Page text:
Life on the Chesapeake Bay

Students will interpret drawings by John White. These drawing are from 1585 and are considered primary resources for Natives living in the Chesapeake Bay area. After describing what is seen in these drawings, students will draw conclusions about the culture and daily lives of Natives in this region. Next students will interpret etchings by Theodor de Bry. He created these etchings from the drawings of John White. He created them in the 1600 while in England. Students will compare them with the primary resources and discuss the differences as well as determine what motive could account for the differences.

Lesson Objective

Students will be able to identify elements of culture and Native American life in the 1500s by cutting out a fact strip and match it to the primary or secondary source drawing it describes.

Materials

Procedure

  1. Ask students what the term culture means. Have students come up with a definition of culture to use throughout the lesson. Begin using the powerpoint slides, reviewing the definitions of culture, primary source and secondary source.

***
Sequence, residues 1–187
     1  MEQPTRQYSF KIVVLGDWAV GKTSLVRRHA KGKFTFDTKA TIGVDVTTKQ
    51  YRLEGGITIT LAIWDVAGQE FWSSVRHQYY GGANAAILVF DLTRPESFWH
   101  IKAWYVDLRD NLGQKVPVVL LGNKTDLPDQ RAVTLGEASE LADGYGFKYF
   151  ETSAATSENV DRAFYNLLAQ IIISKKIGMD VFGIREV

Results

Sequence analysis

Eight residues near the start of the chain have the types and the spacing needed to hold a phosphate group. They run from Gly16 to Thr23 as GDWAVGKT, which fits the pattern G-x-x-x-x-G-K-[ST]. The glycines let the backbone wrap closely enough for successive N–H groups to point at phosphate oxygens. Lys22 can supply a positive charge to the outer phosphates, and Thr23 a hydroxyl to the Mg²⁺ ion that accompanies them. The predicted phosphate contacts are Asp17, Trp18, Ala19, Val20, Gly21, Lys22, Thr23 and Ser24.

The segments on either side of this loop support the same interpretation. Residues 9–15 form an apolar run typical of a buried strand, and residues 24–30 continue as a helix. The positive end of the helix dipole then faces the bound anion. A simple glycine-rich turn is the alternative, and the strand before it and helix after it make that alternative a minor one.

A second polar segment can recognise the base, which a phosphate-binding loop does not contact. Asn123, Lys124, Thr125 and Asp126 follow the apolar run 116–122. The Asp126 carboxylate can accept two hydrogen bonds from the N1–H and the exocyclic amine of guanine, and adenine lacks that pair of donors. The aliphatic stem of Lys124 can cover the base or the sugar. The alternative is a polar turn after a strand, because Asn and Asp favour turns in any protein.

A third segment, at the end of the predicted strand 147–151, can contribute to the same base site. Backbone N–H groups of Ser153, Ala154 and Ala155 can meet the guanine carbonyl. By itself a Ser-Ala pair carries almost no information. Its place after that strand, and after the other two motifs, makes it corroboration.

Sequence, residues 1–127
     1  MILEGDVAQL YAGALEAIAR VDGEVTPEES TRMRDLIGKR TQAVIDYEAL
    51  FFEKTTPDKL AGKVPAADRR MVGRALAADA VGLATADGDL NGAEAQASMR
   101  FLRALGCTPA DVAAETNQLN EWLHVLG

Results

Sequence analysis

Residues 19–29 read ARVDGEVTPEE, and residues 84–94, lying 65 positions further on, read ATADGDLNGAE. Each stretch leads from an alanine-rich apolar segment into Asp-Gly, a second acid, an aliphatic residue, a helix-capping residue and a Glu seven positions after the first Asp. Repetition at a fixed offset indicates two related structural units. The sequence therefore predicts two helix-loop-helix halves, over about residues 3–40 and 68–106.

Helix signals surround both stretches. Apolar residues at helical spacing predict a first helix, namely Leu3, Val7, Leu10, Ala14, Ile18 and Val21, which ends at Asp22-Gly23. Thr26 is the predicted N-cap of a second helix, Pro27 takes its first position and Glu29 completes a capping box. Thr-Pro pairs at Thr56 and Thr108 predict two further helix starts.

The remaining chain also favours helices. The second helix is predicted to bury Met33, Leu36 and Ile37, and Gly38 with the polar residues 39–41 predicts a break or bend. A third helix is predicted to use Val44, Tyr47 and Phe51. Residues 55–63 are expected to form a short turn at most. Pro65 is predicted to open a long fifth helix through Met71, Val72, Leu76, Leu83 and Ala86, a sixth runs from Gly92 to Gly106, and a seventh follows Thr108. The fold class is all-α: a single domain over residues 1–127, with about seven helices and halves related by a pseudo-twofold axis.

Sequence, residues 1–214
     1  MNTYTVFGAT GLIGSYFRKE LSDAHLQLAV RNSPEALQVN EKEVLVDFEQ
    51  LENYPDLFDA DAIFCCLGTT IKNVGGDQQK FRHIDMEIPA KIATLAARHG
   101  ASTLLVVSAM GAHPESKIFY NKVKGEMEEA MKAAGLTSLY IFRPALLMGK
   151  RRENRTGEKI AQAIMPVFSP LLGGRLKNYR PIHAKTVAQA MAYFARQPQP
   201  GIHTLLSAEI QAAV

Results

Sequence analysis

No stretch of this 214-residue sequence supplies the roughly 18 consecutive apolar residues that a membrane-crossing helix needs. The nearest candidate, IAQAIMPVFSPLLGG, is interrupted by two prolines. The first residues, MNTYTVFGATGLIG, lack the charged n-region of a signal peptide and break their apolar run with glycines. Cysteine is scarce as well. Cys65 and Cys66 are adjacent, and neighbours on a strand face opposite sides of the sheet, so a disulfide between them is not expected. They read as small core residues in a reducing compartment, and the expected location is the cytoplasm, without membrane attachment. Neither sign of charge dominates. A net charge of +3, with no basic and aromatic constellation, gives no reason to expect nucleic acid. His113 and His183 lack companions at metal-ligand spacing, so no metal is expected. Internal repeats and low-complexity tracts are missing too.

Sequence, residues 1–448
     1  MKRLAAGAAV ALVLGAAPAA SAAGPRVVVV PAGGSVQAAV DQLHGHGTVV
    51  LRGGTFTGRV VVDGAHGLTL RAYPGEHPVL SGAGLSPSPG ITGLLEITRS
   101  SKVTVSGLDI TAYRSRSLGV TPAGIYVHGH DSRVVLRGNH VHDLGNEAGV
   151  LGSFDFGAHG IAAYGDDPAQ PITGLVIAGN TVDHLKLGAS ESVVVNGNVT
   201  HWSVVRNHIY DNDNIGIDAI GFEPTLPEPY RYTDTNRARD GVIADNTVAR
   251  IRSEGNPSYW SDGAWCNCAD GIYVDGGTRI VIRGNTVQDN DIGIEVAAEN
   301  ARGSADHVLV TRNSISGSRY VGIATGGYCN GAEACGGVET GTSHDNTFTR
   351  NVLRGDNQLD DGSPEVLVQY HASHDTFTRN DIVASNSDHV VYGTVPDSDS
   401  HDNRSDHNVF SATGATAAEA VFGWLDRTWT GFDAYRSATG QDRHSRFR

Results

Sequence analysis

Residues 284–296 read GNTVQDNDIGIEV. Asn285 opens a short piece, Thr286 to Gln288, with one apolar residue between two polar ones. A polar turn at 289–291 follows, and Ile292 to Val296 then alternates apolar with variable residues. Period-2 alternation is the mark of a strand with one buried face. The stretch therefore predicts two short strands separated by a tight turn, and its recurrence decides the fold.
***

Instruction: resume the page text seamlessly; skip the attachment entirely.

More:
2. Pull up the first drawing by Jon White. Model analyzing a primary source by asking such questions as: a. Look as this for a few minutes, what do you see b. What is happening in this painting? c. What do you notice about the fire? d. Where’s the smoke?
  3. Have students work in groups to analyze the drawing. Bring back to whole group to share.
  4. Repeat for the other John White drawings, asking questions to help guide them such as: a. What is this telling you? b. How do they catch fish today? c. What did they use? d. Why would he draw fish that way? e. How are the houses organized?
  5. Ask students to return to the definition of culture. Ask them to describe early Native American culture based upon the pictures they saw. You may want to have them specifically talk about what parts of the definition they were able to observe from the pictures.
  6. Pass out the handouts of the primary vs. secondary resource.
  7. Ask the class to look at the differences between each picture, one at a time.
  8. Have a whole class discussion about the differences each time.
  9. Ask them why would they be so different?
  10. Pass out the sentence strip activity.
  11. Collect

Assessment

Informal assessment – observing small group discussions and whole group discussions
Formal assessment – sentence strip activity will show understanding of primary and secondary resources, as well as, an understanding of Native American culture.

References

Cerino, Chris, Sari Bennett, and Patricia K. Robeson. “Native Americans of the Chesapeake Bay: Using Primary vs. Secondary Sources.” Captain John Smith Four Hundred Project Curriculum Unit. http://johnsmith400.org/curriculum.htm (accessed August 27, 2011).

Bennett, Sari and Patricia K. Robeson. “John Smith’s Map of the Chesapeake Bay.” Captain John Smith Four Hundred Project Curriculum Unit. http://johnsmith400.org/curriculum.htm (accessed August 27, 2011).